What information does the client need to know? Clients will be informed of the new privacy rule and their rights under this rule, through a “Notice of Privacy Rights”. The nurse will give this document to the client at the time of the first nursing visit and will ask the client to sign a consent form to use and share the PHI for treatment, payment and health care operations. This consent form must be kept on file for six years.
How can PHI be used and disclosed legally? In order for client to receive treatment, have the treatment paid for by their insurance company and for the health care agency to operate, protected health information (PHI) must be used and disclosed by the people involved in the care of the client. PHI is used when it is shared, examined, applied and analyzed. PHI is disclosed when it is released, transferred or accessed in any way by outside the health care agency. PHI maybe used or disclosed in the following instances: for treatment, payment or health care operations; with authorization or agreement from the client; for disclosure to the client; for incidental uses such as doctors talking to clients in a hospital room or on the phone or a nurse who is taking care of the client. For other uses or disclosures, the client must sign a special authorization form.
What requirements are related to the special authorization form? This form must be signed by the client when information must be used or shared with a third party for purpose not related to treatment, payment or health care operations. The authorization may be revoked by the client at any time. Each authorization must give a specific description of the information to be used or shared, the name of the person who is getting the information, the purpose of the disclosure, date of expiration of authorization and must be written in plain English. The information that is share must be minimum necessary.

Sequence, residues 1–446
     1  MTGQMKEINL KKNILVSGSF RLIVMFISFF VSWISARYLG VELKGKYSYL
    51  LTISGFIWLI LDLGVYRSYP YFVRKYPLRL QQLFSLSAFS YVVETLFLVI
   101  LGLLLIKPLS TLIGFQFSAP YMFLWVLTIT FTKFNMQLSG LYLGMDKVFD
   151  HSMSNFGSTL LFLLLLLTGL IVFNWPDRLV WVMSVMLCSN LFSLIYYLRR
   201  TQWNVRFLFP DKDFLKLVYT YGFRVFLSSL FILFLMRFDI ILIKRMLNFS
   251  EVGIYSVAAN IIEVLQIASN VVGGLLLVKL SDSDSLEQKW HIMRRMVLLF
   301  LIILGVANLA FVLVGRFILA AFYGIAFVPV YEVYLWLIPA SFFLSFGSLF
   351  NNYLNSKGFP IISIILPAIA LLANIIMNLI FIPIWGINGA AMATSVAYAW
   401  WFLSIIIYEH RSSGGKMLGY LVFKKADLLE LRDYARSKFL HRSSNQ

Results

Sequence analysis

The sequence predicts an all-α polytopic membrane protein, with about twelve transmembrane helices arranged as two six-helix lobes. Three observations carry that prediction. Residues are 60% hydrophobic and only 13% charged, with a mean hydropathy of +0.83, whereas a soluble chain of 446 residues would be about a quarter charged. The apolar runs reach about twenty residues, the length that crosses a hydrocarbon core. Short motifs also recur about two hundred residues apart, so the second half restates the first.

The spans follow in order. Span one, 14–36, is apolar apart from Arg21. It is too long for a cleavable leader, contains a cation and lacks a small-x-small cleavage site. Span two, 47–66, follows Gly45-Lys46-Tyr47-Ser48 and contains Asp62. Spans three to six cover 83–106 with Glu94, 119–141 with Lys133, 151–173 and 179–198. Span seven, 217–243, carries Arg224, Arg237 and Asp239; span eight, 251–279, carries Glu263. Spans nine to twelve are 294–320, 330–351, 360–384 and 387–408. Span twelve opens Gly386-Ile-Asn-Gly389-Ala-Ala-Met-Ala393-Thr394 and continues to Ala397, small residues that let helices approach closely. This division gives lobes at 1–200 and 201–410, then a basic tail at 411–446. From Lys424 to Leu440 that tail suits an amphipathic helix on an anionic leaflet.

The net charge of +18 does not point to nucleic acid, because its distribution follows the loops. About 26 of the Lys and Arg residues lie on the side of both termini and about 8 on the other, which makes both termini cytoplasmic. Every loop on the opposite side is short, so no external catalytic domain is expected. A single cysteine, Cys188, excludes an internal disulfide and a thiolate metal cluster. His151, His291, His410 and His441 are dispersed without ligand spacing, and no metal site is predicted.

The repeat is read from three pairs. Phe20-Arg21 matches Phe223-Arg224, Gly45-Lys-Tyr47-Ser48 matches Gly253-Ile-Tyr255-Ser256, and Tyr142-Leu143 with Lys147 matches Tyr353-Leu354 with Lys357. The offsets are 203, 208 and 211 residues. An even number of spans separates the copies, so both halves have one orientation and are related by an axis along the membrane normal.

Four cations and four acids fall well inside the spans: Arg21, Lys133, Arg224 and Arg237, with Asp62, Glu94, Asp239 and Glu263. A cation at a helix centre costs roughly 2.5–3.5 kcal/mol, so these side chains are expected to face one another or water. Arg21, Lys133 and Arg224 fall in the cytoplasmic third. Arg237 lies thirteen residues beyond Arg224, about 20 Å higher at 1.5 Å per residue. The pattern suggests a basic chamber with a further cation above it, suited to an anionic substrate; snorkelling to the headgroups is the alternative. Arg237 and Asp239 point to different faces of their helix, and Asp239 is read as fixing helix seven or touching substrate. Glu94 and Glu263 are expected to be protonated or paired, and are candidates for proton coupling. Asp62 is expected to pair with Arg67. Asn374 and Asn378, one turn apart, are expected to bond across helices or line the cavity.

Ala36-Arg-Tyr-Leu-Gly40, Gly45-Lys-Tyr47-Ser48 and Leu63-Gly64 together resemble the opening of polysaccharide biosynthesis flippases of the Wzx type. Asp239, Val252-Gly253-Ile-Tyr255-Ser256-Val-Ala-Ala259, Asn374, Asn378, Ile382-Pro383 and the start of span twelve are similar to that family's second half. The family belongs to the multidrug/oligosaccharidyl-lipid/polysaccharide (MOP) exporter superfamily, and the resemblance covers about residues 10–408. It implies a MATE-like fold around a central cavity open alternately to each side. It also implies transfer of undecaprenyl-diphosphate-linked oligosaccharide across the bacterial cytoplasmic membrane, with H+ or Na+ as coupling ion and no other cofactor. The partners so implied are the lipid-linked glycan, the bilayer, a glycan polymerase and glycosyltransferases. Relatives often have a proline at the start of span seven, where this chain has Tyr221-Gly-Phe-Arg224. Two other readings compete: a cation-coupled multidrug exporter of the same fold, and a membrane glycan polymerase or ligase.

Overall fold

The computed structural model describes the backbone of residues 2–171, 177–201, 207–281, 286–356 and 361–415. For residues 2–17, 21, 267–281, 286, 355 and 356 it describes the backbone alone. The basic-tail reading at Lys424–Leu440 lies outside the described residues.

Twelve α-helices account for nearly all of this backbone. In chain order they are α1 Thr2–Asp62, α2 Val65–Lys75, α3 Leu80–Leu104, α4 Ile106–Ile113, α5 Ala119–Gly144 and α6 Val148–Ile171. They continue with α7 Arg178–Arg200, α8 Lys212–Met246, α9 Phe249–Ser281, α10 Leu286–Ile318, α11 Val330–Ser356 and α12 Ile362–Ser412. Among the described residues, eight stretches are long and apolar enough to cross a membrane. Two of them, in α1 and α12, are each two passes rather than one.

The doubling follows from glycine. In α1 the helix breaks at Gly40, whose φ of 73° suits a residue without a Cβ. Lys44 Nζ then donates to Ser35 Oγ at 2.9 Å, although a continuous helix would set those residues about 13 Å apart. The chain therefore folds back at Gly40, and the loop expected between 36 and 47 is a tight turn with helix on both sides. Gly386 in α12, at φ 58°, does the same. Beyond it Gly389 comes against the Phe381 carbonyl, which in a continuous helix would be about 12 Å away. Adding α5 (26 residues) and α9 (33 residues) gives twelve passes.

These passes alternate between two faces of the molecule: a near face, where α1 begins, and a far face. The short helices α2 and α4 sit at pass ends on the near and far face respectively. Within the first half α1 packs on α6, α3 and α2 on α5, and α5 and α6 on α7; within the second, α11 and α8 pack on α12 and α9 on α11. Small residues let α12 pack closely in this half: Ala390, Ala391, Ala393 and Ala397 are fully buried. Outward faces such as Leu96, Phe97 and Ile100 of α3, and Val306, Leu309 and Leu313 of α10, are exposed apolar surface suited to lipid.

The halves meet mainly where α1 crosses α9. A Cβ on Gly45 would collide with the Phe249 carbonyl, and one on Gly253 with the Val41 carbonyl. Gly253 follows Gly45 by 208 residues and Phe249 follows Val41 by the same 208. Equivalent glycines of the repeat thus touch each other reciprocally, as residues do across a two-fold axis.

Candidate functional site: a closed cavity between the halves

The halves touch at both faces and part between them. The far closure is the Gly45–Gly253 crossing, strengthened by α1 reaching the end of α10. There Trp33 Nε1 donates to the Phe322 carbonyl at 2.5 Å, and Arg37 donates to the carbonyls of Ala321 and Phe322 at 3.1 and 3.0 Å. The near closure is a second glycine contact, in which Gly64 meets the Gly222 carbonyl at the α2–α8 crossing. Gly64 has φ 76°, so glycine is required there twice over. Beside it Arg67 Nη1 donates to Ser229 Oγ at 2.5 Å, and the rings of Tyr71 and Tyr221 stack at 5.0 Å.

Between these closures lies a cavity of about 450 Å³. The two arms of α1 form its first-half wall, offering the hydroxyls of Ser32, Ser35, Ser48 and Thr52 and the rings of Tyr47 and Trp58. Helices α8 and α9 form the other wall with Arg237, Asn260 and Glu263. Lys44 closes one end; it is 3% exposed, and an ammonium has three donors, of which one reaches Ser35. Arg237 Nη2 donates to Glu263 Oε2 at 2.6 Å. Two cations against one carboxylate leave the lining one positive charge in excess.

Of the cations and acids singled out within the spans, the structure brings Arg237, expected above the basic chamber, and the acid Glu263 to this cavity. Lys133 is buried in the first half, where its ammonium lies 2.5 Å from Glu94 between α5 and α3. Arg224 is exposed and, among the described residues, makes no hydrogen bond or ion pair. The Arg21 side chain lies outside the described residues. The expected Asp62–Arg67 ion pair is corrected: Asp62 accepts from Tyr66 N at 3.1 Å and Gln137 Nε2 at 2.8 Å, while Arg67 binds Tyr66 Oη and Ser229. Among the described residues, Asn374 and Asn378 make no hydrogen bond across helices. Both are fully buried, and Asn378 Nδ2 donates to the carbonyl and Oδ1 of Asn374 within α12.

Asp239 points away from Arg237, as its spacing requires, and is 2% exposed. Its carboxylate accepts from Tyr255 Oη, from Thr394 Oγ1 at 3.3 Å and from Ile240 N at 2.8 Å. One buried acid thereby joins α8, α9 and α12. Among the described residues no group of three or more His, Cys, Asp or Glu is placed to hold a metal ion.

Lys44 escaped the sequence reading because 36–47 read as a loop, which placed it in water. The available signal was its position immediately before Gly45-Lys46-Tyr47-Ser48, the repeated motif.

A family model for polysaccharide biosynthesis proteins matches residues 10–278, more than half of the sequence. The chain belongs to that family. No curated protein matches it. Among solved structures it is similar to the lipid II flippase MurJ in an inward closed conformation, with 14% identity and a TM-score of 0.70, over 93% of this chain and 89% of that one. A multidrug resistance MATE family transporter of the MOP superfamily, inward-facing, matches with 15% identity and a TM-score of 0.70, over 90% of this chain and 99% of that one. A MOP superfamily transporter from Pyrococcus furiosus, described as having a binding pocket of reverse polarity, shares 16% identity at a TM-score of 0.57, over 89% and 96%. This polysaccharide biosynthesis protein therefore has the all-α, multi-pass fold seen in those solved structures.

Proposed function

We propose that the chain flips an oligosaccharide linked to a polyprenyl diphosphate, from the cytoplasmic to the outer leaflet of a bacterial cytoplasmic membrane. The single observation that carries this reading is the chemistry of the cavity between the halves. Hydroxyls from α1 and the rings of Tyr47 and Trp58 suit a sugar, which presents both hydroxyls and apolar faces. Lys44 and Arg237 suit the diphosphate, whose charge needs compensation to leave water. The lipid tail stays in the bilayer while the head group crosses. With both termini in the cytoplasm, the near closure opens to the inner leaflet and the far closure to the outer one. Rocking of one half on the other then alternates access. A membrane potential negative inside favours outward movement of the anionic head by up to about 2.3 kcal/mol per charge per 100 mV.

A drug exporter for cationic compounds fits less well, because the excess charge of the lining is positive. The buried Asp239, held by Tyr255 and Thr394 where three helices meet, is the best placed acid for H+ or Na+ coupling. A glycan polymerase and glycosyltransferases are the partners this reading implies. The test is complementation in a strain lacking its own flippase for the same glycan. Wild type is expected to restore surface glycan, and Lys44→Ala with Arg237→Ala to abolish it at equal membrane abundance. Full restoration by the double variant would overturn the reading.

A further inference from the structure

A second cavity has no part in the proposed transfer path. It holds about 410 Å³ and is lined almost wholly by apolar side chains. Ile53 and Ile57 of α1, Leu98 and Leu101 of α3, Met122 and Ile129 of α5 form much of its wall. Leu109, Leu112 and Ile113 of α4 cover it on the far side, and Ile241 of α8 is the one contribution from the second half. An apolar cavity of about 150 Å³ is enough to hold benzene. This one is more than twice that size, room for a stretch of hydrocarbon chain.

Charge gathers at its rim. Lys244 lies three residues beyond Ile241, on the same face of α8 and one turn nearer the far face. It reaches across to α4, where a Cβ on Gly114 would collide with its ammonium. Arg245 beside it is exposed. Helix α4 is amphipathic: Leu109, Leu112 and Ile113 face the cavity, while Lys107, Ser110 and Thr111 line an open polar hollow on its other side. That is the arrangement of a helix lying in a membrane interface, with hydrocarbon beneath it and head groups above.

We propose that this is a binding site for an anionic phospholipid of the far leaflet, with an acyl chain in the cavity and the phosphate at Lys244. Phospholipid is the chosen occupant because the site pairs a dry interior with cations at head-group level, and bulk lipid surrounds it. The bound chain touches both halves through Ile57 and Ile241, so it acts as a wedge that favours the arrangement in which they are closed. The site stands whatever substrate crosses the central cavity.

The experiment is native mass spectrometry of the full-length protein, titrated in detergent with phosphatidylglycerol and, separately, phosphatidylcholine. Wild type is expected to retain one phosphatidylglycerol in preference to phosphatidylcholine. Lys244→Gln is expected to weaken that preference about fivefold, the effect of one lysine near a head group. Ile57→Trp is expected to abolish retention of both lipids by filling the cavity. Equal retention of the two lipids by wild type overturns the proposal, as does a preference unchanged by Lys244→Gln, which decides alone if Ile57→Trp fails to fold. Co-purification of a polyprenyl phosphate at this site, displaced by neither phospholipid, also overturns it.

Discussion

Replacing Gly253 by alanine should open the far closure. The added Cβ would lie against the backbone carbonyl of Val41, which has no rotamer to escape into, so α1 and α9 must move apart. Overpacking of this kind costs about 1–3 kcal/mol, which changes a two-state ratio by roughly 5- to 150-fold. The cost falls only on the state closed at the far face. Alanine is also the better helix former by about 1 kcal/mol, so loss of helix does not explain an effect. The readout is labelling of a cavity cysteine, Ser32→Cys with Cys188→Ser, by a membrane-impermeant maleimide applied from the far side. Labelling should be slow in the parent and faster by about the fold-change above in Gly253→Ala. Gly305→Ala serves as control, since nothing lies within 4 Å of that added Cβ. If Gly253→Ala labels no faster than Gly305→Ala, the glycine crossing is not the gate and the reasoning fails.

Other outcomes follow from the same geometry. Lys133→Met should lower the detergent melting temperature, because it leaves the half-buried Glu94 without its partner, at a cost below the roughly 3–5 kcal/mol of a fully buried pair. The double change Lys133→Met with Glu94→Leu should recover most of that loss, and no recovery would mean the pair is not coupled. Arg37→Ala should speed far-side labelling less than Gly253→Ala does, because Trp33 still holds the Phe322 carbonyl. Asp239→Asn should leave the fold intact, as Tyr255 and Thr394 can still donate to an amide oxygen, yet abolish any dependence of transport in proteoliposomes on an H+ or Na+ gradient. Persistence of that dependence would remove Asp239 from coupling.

Are there other times when PHI can be disclosed without obtaining a special authorization? Yes, PHI may be legally disclosed without obtaining a special authorization from the client for the purpose of audits, civil and criminal investigations, law enforcement, judicial and administrative proceedings, reporting public health and safety and suspected/known cases of abuse, neglect or domestic violence and other legal requirements. In emergency circumstances PHI may be disclosed. PHI may also be shared with relatives, coroners and medical examiners.